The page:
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“Pleasant, is it not?”

Tomas frowned at the intrusion of the voice, because it had visited him from time to time over the last few hours, and he feared he was going mad.   There was no-one else aboard his self-built boat, no-one to talk to; but more importantly, no-one to help him.  He sighed, his elbows propped upon gunwales which bucked in leisurely fashion to the rhythm of the waves, staring out at a featureless, seemingly endless sea.   Yes, the view was beguiling in its way, he supposed:  wavelets capped by the pink reflection of a rising sun, a placid seascape in all of its might and glory.   Only one prospect might have excited him more.   Where was land?

“I don’t understand it.”  Tomas murmured, keeping quiet as if he was afraid the author of his inner voice might hear.   “I couldn’t be more than an hour from shore.”

“That was before you fell asleep.”  Said the voice.

This was true.  Acting alone, catching the tide in the early hours of a Tuesday morning, Tomas had found the little vessel he had constructed to be a heavy burden on the ancient, cracked slipway at the foot of Chorlden Farm Road.   He had built it well, a little carvel hulled fishing boat with a rudimentary cabin, and he had built it alone, too.  Tomas did most things alone, with independence he valued, but which often cost tiredness.

“I can’t have slept more than a few hours.”   He remembered his struggles mounting the outboard motor, and his jubilation when it started.  He remembered pointing his boat’s trim little stem towards open water for its first voyage.  It rode well.  It did not leak.   That was all he remembered, for he had dropped into an exhausted sleep.  “But only for a few hours.”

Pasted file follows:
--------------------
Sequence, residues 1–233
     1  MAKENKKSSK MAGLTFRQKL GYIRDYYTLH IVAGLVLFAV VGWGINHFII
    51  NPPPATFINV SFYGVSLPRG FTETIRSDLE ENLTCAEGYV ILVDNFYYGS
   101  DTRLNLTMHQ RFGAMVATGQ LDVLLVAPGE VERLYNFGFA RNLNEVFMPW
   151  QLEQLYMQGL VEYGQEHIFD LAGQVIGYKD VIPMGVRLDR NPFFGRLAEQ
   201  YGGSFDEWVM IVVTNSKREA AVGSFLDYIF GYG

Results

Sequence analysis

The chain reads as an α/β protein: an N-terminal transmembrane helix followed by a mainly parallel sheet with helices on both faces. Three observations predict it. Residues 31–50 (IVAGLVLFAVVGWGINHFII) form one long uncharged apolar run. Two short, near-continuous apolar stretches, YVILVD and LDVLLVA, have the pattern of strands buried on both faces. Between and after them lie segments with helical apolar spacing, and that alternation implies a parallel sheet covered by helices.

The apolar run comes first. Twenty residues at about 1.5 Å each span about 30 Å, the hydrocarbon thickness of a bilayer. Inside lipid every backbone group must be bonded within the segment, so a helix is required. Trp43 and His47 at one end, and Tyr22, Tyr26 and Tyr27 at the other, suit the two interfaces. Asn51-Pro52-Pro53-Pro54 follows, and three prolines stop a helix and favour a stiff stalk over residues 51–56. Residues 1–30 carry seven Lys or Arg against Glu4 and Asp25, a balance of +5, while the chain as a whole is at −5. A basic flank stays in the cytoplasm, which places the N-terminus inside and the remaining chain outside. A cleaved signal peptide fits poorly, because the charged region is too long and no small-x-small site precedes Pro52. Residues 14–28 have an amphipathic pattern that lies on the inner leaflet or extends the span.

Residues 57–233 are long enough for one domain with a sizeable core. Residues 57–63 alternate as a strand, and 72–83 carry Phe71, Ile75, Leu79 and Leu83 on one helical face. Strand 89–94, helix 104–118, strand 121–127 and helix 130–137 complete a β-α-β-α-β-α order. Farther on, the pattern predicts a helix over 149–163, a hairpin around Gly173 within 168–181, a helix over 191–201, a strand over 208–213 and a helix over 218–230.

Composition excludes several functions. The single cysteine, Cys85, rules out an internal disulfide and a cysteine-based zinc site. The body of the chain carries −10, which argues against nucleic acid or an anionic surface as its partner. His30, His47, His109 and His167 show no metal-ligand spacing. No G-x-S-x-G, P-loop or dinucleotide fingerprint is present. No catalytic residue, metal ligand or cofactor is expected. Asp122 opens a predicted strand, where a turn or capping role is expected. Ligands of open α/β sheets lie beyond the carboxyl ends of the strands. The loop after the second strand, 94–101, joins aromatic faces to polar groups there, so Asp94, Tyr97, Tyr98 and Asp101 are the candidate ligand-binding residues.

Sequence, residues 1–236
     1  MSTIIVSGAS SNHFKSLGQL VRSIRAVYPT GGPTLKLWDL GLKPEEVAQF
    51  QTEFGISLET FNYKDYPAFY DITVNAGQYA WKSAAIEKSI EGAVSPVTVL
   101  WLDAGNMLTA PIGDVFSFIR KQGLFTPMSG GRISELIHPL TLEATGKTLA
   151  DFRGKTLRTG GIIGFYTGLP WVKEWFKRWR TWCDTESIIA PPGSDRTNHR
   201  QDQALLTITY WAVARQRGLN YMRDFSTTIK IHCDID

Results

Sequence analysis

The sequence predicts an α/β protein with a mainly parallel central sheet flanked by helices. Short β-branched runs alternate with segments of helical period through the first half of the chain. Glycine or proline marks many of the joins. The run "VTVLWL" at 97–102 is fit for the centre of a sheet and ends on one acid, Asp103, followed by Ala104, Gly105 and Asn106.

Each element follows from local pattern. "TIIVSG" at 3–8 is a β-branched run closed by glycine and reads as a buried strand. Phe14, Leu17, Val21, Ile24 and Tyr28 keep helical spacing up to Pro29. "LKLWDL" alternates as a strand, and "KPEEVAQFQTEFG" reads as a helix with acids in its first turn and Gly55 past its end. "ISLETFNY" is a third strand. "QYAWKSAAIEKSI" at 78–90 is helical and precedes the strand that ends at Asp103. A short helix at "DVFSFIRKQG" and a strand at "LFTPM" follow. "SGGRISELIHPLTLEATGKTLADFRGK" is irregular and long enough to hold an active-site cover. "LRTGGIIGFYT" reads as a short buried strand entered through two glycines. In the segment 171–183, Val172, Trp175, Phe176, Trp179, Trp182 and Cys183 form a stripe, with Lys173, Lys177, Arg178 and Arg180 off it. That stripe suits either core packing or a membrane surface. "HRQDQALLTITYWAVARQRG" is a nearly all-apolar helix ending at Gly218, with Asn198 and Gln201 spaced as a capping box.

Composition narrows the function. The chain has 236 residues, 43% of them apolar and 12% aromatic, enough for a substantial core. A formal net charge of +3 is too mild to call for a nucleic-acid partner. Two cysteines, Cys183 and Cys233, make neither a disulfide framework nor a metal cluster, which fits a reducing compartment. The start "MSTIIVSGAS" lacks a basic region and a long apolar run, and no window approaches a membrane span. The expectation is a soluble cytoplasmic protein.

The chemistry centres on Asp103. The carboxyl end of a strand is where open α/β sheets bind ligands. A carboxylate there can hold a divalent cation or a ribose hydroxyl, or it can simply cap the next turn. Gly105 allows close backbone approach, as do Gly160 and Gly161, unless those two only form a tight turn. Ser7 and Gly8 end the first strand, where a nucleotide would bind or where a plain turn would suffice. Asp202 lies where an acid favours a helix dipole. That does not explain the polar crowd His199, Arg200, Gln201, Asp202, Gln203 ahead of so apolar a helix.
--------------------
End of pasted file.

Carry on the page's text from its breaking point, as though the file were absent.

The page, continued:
“Feel your chin.” The voice told him.

Tomas complied, and was shocked to find his fingers were running through a short, silky beard.   “I grew this while I was asleep?”   He asked incredulously; wondering why he needed a non-existent companion for confirmation.   “How long was I out?”

“A long time.”

“So I’m out of sight of land, the engine has run until its fuel was all used.  I’m adrift and I don’t have the faintest idea where I am!”

“That’s certainly true, although it wouldn’t help you if you did.”

“I could send up a flare.”

“You could.  No-one would see it.”

“Why not?”  Tomas asked suspiciously.  Then… “I’m not talking to myself, am I?  Just where are you?”